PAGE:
...THE middle of the third century A.C. marks the commencement of an important epoch
in the history of South India. The Sātavāhanas, who had held a major part of the
peninsula for an unusually long period of more than four centuries and a half, disappear
from the stage of history about this time. Puḷumāvi IV is the last known king of the Andhra
(i.e. Sātavāhana) dynasty mentioned in the Purāṇas. His rock inscription has been found at
Aḍōni in the Bellāry District of Andhra State,1 while his potin coins have been discovered
at Tarhāḷā in the Akōlā District of Vidarbha2. He therefore probably ruled over an
extensive kingdom stretching from the Narmadā in the north to the Tuṅgabhadrā
in the south. After his downfall in circa 250 A.C.,. several small kingdoms appears to have risen
in the different provinces which had previously been under his sway. The Purāṇas say that
on the dismemberment of the Andhra Empire the servants of the Andhras, viz. the
Śrīparvatīyas, Andhras, Ābhīras, Gardabhilas, Śakas, Yavanas, Tushāras, Muruṇḍas and
Hūṇas would rise to power.3 This statement has, to a certain extent, been corroborated
by the discovery of inscriptions and coins. We know that the Ābhīras carved out a kingdom for themselves in Northern Mahārāshṭra, Kōṅkaṇ and Gujarāt,4 and the Śrīparavatīyas
or the Ikshvākus did the same in the lower Kṛishṇā valley.5 Again, we have numismatic
evidence of the rise of a Śaka dynasty in the southern parts of the Hyderabad State after the
overthrow of the Sātavāhanas.6 The founder of this dynasty was Māna Mahisha, whose
power and prestige entitled him to a mention in the Purāṇas. He had the status of Mahāsēnāpati probably under the Sātavāhanas. Later, he threw off their yoke, but continued the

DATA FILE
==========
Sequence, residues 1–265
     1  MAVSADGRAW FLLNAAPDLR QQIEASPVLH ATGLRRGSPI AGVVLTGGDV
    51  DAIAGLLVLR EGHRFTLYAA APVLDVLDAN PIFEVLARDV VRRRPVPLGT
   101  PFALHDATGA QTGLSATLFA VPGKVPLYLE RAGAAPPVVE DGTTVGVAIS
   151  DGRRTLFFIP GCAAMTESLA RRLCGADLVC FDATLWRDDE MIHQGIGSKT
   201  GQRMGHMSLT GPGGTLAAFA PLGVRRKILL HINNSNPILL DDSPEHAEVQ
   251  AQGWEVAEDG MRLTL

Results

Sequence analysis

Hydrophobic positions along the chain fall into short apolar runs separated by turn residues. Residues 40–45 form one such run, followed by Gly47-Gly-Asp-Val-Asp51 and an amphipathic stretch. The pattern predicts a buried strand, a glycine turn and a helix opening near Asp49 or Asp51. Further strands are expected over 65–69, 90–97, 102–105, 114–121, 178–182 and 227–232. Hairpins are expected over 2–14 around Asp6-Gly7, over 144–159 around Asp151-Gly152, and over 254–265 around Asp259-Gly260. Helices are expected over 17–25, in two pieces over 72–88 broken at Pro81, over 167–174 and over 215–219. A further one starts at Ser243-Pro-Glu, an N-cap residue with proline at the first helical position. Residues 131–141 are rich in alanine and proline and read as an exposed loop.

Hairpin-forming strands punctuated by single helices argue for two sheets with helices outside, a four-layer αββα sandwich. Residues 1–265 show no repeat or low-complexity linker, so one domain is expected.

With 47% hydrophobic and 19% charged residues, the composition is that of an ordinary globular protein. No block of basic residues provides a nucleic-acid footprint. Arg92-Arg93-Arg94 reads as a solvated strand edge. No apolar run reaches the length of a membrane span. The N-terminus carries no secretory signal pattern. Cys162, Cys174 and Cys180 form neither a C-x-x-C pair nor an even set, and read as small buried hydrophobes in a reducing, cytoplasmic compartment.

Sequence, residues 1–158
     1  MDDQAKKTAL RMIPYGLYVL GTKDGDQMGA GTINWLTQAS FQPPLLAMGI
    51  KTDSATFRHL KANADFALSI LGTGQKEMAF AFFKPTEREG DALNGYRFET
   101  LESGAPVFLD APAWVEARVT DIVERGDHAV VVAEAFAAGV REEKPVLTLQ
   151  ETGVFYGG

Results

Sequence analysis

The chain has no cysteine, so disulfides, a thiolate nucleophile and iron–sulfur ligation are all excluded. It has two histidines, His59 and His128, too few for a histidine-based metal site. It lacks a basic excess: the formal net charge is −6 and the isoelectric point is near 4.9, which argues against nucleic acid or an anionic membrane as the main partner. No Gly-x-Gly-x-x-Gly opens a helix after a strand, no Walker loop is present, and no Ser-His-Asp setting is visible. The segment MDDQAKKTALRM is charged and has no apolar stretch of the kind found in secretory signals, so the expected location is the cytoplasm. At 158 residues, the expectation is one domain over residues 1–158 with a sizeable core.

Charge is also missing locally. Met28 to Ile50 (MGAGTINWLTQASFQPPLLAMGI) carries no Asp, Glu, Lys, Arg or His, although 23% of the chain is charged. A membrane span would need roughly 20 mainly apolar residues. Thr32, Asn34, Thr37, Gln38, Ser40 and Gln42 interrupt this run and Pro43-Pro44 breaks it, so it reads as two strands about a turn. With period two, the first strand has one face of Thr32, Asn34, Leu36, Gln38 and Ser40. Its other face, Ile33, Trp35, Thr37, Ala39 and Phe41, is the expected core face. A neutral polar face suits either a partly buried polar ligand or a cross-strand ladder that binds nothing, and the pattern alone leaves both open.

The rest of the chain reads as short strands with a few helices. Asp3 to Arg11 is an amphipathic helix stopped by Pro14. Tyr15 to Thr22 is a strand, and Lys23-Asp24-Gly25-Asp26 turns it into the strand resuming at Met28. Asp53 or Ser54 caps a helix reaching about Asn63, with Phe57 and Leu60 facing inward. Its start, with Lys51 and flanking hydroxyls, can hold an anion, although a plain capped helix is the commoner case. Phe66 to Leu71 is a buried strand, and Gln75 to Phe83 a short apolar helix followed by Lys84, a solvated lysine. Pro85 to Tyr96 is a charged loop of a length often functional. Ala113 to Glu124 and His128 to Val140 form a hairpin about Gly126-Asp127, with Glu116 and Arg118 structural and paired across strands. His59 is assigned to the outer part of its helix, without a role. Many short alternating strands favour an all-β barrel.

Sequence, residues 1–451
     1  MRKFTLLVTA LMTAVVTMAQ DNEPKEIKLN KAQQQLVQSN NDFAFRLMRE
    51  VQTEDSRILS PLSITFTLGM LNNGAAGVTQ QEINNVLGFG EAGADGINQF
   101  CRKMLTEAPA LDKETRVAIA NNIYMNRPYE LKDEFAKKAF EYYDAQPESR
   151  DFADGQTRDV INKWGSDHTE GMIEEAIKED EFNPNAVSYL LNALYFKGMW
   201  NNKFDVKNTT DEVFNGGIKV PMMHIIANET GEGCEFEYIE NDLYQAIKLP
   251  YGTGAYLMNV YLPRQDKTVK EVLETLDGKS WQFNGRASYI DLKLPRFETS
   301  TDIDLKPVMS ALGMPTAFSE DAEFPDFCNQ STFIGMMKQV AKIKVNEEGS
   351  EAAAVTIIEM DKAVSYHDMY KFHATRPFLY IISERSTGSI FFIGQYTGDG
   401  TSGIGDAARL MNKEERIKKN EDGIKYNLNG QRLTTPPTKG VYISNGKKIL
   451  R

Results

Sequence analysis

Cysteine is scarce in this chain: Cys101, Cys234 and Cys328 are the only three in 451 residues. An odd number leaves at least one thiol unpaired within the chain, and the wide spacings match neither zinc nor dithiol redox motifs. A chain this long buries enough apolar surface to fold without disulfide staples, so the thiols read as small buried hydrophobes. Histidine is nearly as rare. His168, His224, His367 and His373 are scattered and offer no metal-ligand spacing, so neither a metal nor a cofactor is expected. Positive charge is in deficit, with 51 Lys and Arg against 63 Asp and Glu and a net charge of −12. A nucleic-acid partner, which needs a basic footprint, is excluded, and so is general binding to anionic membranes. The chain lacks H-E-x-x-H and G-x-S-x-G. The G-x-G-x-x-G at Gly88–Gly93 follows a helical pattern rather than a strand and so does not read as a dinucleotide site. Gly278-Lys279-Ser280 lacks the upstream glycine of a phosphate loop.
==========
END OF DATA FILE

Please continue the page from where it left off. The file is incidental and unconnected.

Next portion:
title for some time on his coins. The puranic statement about their yoke, but continued the
Yavanas, Tushāras, Muruṇḍas and Hūṇas remains to be verified by the discovery of
inscriptions and coins. They may have usurped power in the provinces north of the
Narmadā. As regards the Śakas, who also are mentioned in the same context, we have
evidence of an independent Śaka kingdom in Central India, different from that of the Western
Kshatrapas of Saurāshṭra. It was founded by the Mahādaṇḍanāyaka Śrīdharavarman.7 Strange as it may appear, the Purāṇas make no mention of the Vākāṭakas among the dynasties
that rose after the downfall of the Sātavahānas. They no doubt mention Vindhyaśakti,
but they place his rise after the Kilakila (or Kōlikila) kings who succeeded the Sātavāhanas.
We have, however, no other evidence of the rule of these Kilakila or Kōlikila kings.8
...Vindhyaśakti I is the earliest known king of the Vākāṭaka dynasty. He is mentioned
n the aforementioned passage of the Purāṇas and also in an inscription in Cave XVI at
Ajaṇṭā.9 The latter record calls him ‘the banner of the Vākāṭaka family’ and gives the
1 Ep. Ind., Vol. XIV, pp. 153 f. The editor of this record ascribes it to Puḷumāvi II, Vāsishṭhīputra,
but the palaeographical evidence shows that it belongs to the reign of the last king, Puḷumāvi IV.
2 J.N.S.I., Vol. II, pp. 92 f. The king’s name occurs as Puḷuhāmavi on the coins found at Tarhāḷā.
3 D.K.A., pp. 45 f.
4 C.I.I., Vol. IV, pp. xxxiii f.
5 Ep. Ind., Vol. XX, pp. 1 f.
6 J.N.S.I., Vol. XV, pp. 1 f.
7 C.I.I., Vol. IV, pp. xxxviii f.
8 Cf. तत:कोलिकिलेभ्यश्च विन्ध्यशवितर्भविष्यति । D.K.A., p. 48.
9 No. 25, line 1.